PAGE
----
Backstory: Can we talk?

Raising the curtain on diversity

Photo: Leslie Williamson


Forget the applause. As an actor and play-wright, Anna Deavere Smith is happiest when her work gives audience members fresh ways of thinking and talking about social issues. Now she’s hoping to spark conversations at the School of Medicine about diversity.

Smith will give a one-hour performance during the school’s annual strategic planning retreat in late January, portraying how various faculty members, students and alumni view the issue.

“What I’m trying to do is take a part of what these people have said and put it in a larger collage of the whole community,” says Smith, who may be best known for her recurring role as national security advisor Nancy McNally on NBC’s “The West Wing.” “It’s just using another format, rather than a panel discussion or something like that, to try to bring the eyes of the community onto themselves.”

In such one-woman shows as “Fires in the Mirror” about the 1991 racial clash in the Brooklyn neigh-borhood of Crown Heights and “Twilight: Los Angeles” about the 1992 racial riots that followed the Rodney King verdicts, Smith’s power-packed writing and performances have earned accolades. Her plays are drawn from scores of interviews with people from all stations of life who are affected by the subject matter.

Smith, who was on the faculty in Stanford’s drama department until 2000 and is now at New York University, has long been intrigued by the concept of using the arts to stimulate conversations about social issues. She founded the Institute on the Arts and Civic Dialogue at Harvard in the 1990s to create those types of conversations and is in the process of rebuilding the institute at NYU. Given the results of the last presidential election, Smith believes broader social discussions will become increasingly important. “We’re obviously in a divided country but we don’t know each other,” says Smith, a former MacArthur “genius award” recipient. “I think art can be a really wonderful part of bringing people together.”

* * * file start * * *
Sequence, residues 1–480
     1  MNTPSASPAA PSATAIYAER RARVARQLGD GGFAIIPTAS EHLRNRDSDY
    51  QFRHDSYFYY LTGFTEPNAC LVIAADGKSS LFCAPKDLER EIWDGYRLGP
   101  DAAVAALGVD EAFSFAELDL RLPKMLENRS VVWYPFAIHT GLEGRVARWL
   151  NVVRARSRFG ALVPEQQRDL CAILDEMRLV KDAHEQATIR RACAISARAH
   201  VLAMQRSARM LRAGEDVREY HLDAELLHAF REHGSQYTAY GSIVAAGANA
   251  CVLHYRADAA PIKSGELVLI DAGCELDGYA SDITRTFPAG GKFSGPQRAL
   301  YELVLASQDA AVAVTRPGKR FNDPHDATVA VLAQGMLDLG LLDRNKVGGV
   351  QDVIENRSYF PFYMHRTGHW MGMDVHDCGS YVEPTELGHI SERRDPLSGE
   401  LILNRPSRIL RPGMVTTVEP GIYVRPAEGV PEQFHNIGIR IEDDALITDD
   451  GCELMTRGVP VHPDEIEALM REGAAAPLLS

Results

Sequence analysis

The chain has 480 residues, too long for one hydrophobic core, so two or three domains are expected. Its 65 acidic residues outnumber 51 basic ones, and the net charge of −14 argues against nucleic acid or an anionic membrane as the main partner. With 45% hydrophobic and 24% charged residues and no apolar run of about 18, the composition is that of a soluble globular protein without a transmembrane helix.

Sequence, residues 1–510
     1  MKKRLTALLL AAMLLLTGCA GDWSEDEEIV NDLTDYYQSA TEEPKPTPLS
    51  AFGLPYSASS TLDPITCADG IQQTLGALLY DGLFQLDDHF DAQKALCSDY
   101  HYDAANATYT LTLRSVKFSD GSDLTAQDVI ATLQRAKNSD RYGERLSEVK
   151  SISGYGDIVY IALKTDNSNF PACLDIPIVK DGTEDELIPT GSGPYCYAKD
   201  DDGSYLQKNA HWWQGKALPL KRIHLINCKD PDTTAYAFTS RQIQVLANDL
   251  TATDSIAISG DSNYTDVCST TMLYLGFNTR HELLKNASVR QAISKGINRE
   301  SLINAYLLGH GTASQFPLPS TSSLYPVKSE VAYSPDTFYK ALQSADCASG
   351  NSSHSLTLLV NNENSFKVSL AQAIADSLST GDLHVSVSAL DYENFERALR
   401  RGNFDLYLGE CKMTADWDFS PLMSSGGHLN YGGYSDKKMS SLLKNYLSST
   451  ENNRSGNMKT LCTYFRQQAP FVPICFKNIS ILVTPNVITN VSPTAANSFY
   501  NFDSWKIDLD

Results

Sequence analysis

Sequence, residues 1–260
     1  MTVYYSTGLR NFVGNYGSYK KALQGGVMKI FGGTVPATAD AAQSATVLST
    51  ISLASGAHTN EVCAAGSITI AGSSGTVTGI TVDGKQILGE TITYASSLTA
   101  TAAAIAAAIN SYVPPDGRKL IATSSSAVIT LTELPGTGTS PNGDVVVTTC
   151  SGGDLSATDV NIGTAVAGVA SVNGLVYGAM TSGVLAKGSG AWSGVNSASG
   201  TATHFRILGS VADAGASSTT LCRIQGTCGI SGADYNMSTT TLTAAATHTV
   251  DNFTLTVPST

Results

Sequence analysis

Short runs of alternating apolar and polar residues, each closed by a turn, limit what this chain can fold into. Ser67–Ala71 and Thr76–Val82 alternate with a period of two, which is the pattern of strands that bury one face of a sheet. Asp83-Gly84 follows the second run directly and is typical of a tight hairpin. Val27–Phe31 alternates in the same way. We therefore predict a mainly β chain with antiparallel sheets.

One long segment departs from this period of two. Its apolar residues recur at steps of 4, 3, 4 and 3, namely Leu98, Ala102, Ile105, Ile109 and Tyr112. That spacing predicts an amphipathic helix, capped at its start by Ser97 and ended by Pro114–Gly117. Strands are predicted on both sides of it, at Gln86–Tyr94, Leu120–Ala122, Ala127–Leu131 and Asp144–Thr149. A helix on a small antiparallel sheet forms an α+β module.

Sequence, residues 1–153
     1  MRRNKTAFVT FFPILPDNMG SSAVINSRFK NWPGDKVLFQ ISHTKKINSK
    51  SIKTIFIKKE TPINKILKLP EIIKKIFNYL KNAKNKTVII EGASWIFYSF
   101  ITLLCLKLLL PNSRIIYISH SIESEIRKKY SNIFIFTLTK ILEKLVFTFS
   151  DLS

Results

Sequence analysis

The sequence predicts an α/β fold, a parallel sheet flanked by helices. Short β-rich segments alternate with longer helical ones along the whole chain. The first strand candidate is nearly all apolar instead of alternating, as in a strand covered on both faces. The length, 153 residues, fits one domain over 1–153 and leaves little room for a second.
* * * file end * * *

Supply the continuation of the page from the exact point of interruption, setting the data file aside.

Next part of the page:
The hope of stimulating a new way of talking and thinking about diversity at a medical school appealed to Smith, who is also exploring the possibility of doing a larger theater piece on health care and the body. She says she appreciates the desire of the school’s leadership to create an atmosphere “that makes talented people of all color, different ways of life and lifestyles, want to be here and be part of this community.”

“People look to Stanford for excellence. I think they can find a way to make diversity about excellence,” she says. “A lot of people are anxious about the word ‘diversity’ because they think it’s about affirmative action, not about merit. But if there’s a place where diversity can connote excellence and connote what is needed in the future of medicine, Stanford is it.”

For this project, Smith spent roughly 20 hours interviewing 14 people at the medical school. In the ensuing weeks, she reviewed the videotapes and audiotapes of those conversations and began distilling the comments into a cohesive one-hour piece. Although reluctant to disclose her initial impressions of those conversations, Smith says one thing did stand out: “These are very smart people. If anybody can make a difference, it’s these people.”

As much as she enjoys the process of interviewing people, distilling their words into a script and performing, Smith says her ultimate thrill comes from the conversations that take place days later. “In traditional theater, I have the last line and the curtain closes. In this case, they have the last word,” Smith says. “I’m the first act; they’re the second act.”

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